• In the following detailed description, reference is made to the accompanying drawings, which form a part hereof. The use of the same symbols in different drawings typically indicates similar or identical items. The illustrative embodiments described in the detailed description, drawings, and claims are not meant to be limiting. Other embodiments may be utilized, and other changes may be made, without departing from the spirit or scope of the subject matter presented here.
  • Following are a series of systems and flowcharts depicting implementations of processes. For ease of understanding, the flowcharts are organized such that the initial flowcharts present implementations via an initial “big picture” viewpoint and thereafter the following flowcharts present alternate implementations and/or expansions of the “big picture” flowcharts as either sub-steps or additional steps building on one or more earlier-presented flowcharts. Those having skill in the art will appreciate that the style of presentation utilized herein (e.g., beginning with a presentation of a flowchart(s) presenting an overall view and thereafter providing additions to and/or further details in subsequent flowcharts) generally allows for a rapid and easy understanding of the various process implementations. In addition, those skilled in the art will further appreciate that the style of presentation used herein also lends itself well to modular and/or object-oriented program design paradigms.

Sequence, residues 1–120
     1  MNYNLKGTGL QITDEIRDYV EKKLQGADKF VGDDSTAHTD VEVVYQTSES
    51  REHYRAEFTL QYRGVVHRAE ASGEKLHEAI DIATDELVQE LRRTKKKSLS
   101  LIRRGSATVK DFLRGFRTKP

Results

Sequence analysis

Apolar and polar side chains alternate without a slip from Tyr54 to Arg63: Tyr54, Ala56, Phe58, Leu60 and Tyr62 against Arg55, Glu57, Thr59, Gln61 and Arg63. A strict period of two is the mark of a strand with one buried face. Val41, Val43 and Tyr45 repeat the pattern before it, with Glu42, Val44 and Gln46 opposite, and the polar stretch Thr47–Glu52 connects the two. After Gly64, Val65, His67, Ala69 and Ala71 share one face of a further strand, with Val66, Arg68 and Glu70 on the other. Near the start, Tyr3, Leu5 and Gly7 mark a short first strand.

• With reference now to FIG. 1, shown is a vicinity of a gastric compartment 170 in a digestive tract 101 of a subject (human or otherwise) that may serve as a context for introducing one or more processes and/or devices described herein. As shown system 100 may (optionally) include one or more instances of module 110 each having one or more tethers 137 or other portions extending through some of intestine 180 and configured to anchor at pylorus 175. System 100 may likewise include one or more instances of modules 150 dense enough to rest near the bottom of gastric compartment 170 and/or modules 160 buoyant enough to float within gastric compartment 170, any or all of which may be configured with one or more dispensers 151, 161 and/or control modules 152, 162. Many suitable structures are described herein and in U.S. Pat. App. No. [Attorney Docket 0807-002-003-000000, titled “Disintegrating Digestive Tract Interaction System,” filed 17 Oct. 2007], also by Boyden et al., incorporated by reference to the extent not inconsistent herewith. In some such embodiments, each tether 137 of interest may comprise one or more segments 141 directly or indirectly coupling a reservoir-containing module (such as module 110 or module 150) with one or more of its dispensers 121. In some variants, moreover, such modules 110, 150, 160 may comprise control modules 152, 162 or other circuitry operable for handling one or more wireless signals 139 passing to or from external module 140. Alternatively or additionally, each tether 137 of interest may comprise one or more segments 142 directly or indirectly coupling a reservoir-containing module with one or more of its sense modules 122. In various embodiments described herein, such dispensers, sensor modules, and support structures therefore may each be inside, outside, or spanning the gastric compartment or, in some cases, extending outside the digestive tract. In some variants, one or more such segments 141, 142 configured to support such devices in intestine 180 comprise structures of a (positive) solubility in a gastric compartment low enough to remain in situ for more than a day (or month or year), as described herein. Alternatively or additionally one or more such modules 110, 150, 160 may include two or more (component) modules similarly tethered together as described herein.